This autumn coffee lovers have been obeying their noses and beating a path to the doors of Yallah – meaning ‘Let’s Go!’ in Arabic – Cornwall’s newest and bravest coffee roasters. Now, with the launch of a website selling speciality beans and ground coffee, Yallah Coffee looks set to become a caffeine hit across the UK.
Entrepreneur Richard Blake is blazing a trail of sweet-scenting grinds at the new artisan enterprise, whose HQ for the moment is a converted barn on a friend’s farm, and whose major outlet is an enticing stall at Truro Farmers Market. The market is a key incubator for fledgling food and drink producers like Yallah, providing a local point of sale and acting as a stepping stone to business growth.
Richard studied at Falmouth University before leaving for Bristol and discovering his passion for unlocking the secrets of the coffee bean. He began by packing coffee in a roastery before he persuaded the company to give him a chance as Apprentice Roaster. On leaving, he had two years experience under his belt as Production Roaster in a large and respected operation.
During return trips to Falmouth, Richard caught sight of a prized object – a vintage Swadlo roaster in the window of De Wynns historic coffee shop – unused and apparently unloved. Richard made it his mission to find the owner and one day, quite unexpectedly, it suddenly became his. The Swadlo took nine months to nurture back to life: now each day Richard paternally ushers it through every roast as it gently heats the green beans carefully selected for his range of single variety coffees.
Richard ensures his coffee is traded ethically and sustainably. “For us, speciality means knowing exactly where our coffee comes from; how it has been grown, picked and processed,” he explains. “It is also about a transparent and traceable coffee chain where everyone is rewarded for their hard work.”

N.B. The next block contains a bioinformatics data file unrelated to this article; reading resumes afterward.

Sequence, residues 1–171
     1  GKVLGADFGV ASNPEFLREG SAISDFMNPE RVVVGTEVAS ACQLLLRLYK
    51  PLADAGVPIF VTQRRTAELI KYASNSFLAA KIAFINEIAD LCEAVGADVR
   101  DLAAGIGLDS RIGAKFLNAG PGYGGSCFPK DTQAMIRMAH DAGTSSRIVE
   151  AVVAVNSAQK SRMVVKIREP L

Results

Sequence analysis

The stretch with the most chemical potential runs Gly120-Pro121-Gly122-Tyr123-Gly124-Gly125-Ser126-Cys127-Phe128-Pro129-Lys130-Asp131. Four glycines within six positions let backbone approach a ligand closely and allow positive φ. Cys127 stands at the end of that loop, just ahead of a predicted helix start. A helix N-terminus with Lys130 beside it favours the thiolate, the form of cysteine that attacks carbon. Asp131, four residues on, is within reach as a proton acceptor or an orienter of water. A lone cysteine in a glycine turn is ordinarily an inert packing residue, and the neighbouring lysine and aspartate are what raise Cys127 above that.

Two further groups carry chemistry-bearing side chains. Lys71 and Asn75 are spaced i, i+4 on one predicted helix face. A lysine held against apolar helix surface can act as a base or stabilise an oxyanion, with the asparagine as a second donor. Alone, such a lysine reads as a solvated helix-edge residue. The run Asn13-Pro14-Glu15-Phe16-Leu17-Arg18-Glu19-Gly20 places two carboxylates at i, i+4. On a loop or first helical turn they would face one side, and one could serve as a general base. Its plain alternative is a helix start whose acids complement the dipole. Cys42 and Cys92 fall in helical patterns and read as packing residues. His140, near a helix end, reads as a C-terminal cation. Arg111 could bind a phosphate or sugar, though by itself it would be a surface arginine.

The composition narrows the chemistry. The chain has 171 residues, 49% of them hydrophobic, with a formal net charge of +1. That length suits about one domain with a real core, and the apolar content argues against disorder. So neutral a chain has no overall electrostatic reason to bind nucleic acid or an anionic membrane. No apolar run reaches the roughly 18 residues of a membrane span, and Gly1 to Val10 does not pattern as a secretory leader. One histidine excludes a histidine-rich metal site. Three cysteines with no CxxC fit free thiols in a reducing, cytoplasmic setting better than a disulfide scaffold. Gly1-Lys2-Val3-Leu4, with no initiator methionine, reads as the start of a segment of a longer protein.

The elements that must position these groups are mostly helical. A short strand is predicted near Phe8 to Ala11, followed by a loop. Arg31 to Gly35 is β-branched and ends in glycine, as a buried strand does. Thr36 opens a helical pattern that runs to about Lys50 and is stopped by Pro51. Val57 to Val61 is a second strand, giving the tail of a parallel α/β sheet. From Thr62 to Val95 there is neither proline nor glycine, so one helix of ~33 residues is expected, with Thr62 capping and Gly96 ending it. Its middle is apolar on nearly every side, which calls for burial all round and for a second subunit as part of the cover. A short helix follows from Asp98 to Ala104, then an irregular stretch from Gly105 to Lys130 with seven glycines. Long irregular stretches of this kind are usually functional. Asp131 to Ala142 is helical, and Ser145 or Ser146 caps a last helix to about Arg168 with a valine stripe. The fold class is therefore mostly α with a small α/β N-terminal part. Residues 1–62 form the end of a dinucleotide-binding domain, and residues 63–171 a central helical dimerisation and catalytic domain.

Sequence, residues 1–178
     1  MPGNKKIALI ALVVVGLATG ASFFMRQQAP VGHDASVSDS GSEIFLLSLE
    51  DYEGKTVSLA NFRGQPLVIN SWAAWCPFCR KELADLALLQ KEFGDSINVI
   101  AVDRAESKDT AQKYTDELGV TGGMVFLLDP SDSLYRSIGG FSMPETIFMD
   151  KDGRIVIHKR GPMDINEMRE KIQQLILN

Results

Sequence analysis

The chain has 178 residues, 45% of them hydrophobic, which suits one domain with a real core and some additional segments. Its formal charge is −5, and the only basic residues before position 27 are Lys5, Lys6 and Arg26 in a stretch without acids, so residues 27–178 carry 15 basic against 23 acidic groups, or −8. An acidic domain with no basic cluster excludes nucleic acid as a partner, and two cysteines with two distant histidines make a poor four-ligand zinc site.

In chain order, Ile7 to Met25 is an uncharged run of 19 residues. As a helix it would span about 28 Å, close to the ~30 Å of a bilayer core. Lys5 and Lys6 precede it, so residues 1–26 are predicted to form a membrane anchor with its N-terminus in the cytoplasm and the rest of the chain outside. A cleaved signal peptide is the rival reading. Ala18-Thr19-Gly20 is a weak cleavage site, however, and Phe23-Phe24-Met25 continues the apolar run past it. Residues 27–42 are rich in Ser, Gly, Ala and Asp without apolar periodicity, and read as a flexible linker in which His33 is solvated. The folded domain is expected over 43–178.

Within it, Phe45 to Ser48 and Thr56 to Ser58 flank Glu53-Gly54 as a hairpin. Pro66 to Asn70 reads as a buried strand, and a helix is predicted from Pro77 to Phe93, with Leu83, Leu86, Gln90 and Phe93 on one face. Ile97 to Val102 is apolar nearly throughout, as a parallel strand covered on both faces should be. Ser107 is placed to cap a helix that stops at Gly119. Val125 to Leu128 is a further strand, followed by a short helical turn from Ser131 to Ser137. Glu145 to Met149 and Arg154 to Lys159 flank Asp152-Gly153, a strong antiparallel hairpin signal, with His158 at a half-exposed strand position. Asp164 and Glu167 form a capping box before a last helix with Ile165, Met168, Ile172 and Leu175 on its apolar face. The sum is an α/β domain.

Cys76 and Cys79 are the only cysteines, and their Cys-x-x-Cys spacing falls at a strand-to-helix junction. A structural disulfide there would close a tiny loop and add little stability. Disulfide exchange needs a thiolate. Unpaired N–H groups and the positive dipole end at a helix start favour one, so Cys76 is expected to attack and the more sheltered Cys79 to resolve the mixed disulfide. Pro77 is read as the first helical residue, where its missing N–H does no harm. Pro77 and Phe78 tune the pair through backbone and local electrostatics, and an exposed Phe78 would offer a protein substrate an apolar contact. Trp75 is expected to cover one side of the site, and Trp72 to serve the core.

Richard now has around 8 different coffees, each with their own unique characteristics. “It’s important to understand that every step has an effect on the flavour of the coffee. Like all plants, its surrounding conditions affect the health and growth the fruit. Healthier plants mean healthier fruit. Everything from picking, pulping, transporting and storing plays a major part in how the eventual cup of coffee tastes.” says Richard. He adds, “I generally don’t like to blend different beans, I prefer to find beans with complex flavours, which are good enough to make single variety coffees.”
Richard has been trying his wares out on the public at Truro Farmers Market, where he is already building a loyal following. “I always take three or four different coffees with me so people have a choice of styles. I am happy to help people find a variety they really love – in turn this helps me learn what people look for when choosing a coffee. I’m on a mission to get everyone drinking good coffee,” he enthuses, “everywhere and anytime!”
You can find the Yallah stall at Truro Farmers Market every Saturday. Richard is also now taking trade enquiries and can provide training for staff to help them get the most out of Yallah’s speciality coffees.